From the White Mountains to Baxter State Park, the rugged landscapes of northern New England are certainly thrilling to explore. But in New Hampshire and Maine you will also find that fascinating alpine and wetlands adventures can be had in smaller, more accessible places. The summits of Mt. Kearsarge and Mt. Cardigan in New Hampshire are mostly treeless, allowing for splendid vistas, but they also reveal legacies of a glacial past carved in their rocks. And according to recent census data, Maine’s Rangeley Lakes District has more moose per square foot than any place from away. That’s why the annual moose calling contest is so popular there- not to mention that my brother helps to run it.
Flowering plants use sexual reproduction, but they’re stationary. Some, like pine trees and many grasses, broadcast their male reproductive units- ie pollen- widely into the air hoping enough will reach their female counterparts on other trees and grasses to replenish the species. Others reward animals to do the transfer work for them, sticking pollen to the bodies of bees, wasps, and flies, among others, as they forage for their sweet nectar bribes. We’ll discuss the striking diversity of pollination mechanisms in plants, and suggest how they may be changing, for both natural and environmentally unsound reasons.
For the vast majority of its 4.5 billion year history, the Earth has been much warmer than it is today. The presence of permanent ice in glaciers has occurred only about 20% of the time. We have glaciers now, and we are still in an ice age. The continental ice sheets have been retreating for the last 20,000 years, and we are experiencing one of the interglacial warm periods that happen in typical ice ages. But if the warmth continues, the glaciers won’t be back for a long time, and we’ll be in a kind of “greenhouse Earth” that has prevailed over about 80% of Earth’s history. What are the possible causes of these periodic warm and cold cycles? What is a possible human contribution? What can humans do to prevent warmer ocean waters and rising seas from degrading things we value, like the coastal cities and beaches we’ve built all over the planet? How could human intervention possibly help us keep a climate we like? Or not?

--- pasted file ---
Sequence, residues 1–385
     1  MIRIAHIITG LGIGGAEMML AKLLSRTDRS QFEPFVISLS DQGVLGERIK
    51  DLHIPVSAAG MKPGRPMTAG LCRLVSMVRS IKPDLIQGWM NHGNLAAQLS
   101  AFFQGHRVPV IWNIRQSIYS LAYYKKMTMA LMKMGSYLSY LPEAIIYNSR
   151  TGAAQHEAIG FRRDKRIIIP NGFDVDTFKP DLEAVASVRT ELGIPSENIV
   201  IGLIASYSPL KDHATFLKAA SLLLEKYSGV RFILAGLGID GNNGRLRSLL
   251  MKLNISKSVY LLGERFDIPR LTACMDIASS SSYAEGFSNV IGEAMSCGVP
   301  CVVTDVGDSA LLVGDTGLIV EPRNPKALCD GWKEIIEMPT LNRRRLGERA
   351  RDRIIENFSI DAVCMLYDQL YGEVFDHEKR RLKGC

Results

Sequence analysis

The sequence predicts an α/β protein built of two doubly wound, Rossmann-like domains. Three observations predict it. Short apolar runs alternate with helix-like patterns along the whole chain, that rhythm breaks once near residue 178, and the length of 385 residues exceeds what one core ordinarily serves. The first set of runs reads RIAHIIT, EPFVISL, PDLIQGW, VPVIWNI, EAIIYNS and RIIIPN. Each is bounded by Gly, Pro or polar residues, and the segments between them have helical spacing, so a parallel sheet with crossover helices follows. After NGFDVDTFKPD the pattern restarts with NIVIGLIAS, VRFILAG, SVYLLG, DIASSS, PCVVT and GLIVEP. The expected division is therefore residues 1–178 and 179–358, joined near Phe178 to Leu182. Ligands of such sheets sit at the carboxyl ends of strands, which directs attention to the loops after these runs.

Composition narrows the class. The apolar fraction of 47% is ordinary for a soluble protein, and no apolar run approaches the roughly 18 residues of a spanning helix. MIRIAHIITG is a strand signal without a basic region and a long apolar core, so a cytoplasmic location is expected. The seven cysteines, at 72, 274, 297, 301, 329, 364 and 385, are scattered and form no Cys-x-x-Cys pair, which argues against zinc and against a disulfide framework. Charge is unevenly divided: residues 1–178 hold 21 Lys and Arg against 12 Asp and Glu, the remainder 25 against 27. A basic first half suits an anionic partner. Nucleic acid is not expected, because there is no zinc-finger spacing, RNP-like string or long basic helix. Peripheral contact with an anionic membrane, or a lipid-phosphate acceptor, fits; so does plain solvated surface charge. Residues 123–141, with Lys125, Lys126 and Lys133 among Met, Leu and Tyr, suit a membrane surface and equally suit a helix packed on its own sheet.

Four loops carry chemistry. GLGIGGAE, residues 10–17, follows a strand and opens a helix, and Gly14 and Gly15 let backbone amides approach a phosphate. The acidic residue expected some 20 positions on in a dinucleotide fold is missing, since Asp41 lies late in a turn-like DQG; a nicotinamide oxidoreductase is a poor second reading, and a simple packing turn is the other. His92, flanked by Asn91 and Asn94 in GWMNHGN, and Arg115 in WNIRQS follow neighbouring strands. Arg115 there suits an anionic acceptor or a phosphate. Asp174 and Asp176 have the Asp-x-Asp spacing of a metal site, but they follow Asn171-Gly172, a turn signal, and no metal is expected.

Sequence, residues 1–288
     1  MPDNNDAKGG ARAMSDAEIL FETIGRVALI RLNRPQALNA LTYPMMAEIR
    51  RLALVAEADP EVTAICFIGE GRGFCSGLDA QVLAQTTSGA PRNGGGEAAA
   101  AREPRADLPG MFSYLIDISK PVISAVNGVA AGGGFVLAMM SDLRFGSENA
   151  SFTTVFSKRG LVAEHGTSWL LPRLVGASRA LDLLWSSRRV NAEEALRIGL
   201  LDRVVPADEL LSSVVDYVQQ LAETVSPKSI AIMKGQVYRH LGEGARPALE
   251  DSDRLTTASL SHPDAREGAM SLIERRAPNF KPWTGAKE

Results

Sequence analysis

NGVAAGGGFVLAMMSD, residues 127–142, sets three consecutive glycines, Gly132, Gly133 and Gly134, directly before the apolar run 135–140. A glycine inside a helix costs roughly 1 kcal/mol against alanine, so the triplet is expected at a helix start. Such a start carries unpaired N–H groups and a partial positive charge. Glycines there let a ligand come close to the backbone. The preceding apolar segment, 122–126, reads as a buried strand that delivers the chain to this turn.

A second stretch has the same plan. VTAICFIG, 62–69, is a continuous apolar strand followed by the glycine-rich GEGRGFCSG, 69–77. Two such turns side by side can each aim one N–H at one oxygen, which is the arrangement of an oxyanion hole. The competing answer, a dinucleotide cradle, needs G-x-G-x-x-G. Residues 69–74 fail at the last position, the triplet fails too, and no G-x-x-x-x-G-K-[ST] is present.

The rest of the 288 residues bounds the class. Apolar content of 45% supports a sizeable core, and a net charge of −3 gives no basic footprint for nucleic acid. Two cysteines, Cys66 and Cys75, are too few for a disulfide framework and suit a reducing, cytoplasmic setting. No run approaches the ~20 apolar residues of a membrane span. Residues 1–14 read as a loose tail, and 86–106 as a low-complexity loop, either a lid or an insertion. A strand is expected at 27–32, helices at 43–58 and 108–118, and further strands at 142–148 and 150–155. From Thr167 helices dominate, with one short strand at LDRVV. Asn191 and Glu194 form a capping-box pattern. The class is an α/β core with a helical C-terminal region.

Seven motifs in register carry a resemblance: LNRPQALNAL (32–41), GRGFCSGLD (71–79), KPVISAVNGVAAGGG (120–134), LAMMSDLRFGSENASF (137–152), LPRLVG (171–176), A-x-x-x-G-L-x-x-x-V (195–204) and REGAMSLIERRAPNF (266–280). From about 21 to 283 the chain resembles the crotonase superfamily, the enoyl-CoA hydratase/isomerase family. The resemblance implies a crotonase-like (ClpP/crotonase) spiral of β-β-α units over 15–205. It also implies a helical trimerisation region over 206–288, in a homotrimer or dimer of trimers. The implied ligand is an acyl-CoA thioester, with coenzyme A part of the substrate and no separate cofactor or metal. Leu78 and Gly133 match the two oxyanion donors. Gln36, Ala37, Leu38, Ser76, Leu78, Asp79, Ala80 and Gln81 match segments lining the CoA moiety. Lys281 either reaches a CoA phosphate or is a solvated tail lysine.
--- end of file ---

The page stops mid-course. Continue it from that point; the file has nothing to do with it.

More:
Flowering plants are the most recently evolved group in the plant world. Yet they have by far the most diversity. Why? They also engender the most human interest- they are the charismatic lions and tigers of the plant world. As a result, far too many photographs of flowers have already been made- why should we keep trying? What can we try with flower photography that would be new and exciting?
Since the mid-1970s, photography has achieved a parallel status to painting and sculpture in the world’s great art collections. It has also been exceedingly influential in shaping our understanding of nature and culture. Who were the pioneers? Who are revered for their contributions and why? We’ll consider the portfolios of numerous photographers whose work can inspire us to create or immerse ourselves in this great tradition. (2 class sessions minimum)
Each of these presentations, for extended learning and enjoyment, is designed for a 1 hour time slot that would include a question/answer period. They are aimed at the advanced high school level, and include some analysis of the leading edge of research in the field. Most are interdisciplinary, reflecting the speaker’s many decades of deep immersion in science and the arts.
Perfect for social clubs, senior centers, independent living centers, garden clubs, independent schools, and other groups. Contact us now at firstname.lastname@example.org